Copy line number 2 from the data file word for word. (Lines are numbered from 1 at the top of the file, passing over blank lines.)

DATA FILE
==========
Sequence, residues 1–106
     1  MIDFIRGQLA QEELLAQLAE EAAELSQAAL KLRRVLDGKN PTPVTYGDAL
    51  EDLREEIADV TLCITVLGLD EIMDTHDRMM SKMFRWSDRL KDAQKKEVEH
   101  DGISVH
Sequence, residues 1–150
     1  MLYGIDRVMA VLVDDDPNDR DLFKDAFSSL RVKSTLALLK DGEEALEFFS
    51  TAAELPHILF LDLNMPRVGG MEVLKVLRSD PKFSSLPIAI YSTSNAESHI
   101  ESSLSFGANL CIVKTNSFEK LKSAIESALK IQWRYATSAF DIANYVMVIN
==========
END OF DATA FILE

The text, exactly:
     1  MIDFIRGQLA QEELLAQLAE EAAELSQAAL KLRRVLDGKN PTPVTYGDAL